Addiction recovery advocates across the country are closely watching President-elect Donald Trump’s plans to tackle the U.S. heroin and painkiller crisis. Throughout his campaign, the candidate said he talked to families ravaged by addiction and has pledged to help. Yet people working in recovery remain wary of the means he’ll use to do so, Stat News reports.

Some of Trump’s campaign promises have the potential to have a big impact on opioid addiction in this country. The President-elect says he plans to increase access to the overdose-reversing medication naloxone (also known as Narcan), encourage state and local governments to provide more substance abuse treatment and speed up approval processes at the U.S. Food and Drug Administration (FDA) for abuse-deterrent painkillers.

However, Trump’s notorious plan to build a wall along the U.S.-Mexico border and vastly expand the nation’s drug courts have been met with intense skepticism from the harm reduction community. Many people in health care are also wary of the president-elect’s campaign promise to repeal the Affordable Care Act (ACA, or Obamacare), which could eliminate insurance coverage for thousands of Americans in recovery. 

Over the next few months, advocates and lobbyists who track addiction policy will be closely watching to see whom Trump appoints to lead the government agencies most tied to the opioid epidemic—including the Justice Department, the FDA and the department of Health and Human Services. These appointments are likely to provide clues about the new administration’s real methods for curbing addiction in this country.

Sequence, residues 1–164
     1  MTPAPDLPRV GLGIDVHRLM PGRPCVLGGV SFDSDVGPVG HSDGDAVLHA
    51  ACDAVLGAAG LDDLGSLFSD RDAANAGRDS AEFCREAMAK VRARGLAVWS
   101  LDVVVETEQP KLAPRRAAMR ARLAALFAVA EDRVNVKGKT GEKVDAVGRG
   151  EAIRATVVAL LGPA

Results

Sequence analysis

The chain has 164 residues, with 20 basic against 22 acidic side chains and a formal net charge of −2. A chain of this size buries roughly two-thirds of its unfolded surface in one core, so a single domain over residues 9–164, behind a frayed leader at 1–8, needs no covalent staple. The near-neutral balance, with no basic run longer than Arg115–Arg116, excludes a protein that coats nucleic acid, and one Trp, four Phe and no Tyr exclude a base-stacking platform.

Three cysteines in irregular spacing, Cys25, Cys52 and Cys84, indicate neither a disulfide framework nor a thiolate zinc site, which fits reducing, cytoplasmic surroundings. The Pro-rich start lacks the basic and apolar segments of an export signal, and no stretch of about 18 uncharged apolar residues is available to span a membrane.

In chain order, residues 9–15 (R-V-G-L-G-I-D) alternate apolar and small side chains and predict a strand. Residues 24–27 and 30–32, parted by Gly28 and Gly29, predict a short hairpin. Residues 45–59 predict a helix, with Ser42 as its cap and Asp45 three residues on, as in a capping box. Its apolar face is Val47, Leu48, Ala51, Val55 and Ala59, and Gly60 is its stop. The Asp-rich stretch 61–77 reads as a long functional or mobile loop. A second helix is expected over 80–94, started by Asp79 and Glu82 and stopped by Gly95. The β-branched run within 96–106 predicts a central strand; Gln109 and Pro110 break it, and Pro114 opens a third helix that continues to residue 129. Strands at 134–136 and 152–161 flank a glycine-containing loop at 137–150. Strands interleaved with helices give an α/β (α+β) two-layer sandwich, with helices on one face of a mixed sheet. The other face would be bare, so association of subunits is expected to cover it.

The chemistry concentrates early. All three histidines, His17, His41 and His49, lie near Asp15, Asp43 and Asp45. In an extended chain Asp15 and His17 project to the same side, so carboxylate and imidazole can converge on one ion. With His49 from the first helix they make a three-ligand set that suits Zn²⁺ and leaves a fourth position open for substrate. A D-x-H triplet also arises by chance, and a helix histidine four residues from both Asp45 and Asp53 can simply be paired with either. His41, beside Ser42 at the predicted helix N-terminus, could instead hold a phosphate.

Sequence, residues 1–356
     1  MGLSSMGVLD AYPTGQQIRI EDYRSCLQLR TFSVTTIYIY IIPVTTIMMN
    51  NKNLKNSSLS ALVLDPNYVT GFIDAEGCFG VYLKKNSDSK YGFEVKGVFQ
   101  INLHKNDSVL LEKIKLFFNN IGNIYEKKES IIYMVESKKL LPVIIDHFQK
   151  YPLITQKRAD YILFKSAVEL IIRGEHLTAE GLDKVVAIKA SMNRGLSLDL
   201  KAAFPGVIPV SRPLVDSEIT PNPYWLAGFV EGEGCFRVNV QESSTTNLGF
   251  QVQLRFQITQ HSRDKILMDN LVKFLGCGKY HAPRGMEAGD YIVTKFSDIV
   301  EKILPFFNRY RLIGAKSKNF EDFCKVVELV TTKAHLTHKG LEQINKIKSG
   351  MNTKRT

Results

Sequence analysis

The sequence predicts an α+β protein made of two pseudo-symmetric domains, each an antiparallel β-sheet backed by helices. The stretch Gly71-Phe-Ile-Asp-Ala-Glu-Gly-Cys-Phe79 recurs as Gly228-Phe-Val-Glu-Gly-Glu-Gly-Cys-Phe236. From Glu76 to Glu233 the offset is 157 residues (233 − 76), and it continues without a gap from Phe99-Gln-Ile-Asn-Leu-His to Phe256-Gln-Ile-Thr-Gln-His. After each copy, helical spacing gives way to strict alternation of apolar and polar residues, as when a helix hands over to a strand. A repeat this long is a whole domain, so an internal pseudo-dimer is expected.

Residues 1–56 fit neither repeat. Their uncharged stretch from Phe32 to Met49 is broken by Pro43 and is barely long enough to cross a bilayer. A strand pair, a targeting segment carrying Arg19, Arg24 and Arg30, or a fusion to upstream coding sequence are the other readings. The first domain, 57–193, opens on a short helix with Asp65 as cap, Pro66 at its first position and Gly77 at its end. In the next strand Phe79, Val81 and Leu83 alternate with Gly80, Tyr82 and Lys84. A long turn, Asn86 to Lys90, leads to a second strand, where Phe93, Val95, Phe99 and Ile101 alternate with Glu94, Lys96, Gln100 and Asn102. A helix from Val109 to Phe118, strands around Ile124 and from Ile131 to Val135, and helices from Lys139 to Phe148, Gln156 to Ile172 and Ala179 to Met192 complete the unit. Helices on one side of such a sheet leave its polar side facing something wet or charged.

Advocates are also hoping that federal agencies like the Substance Abuse and Mental Health Services Administration will not see their funding cut during the transition and that federal agencies will not suffer a once-promised purge of career staffers who work at those agencies.

Until then, people who work in addiction recovery must wait to see whether the new president will take the opioid crisis seriously and hope that Republicans in Congress who have been fighting addiction in their own communities will help guide the new administration.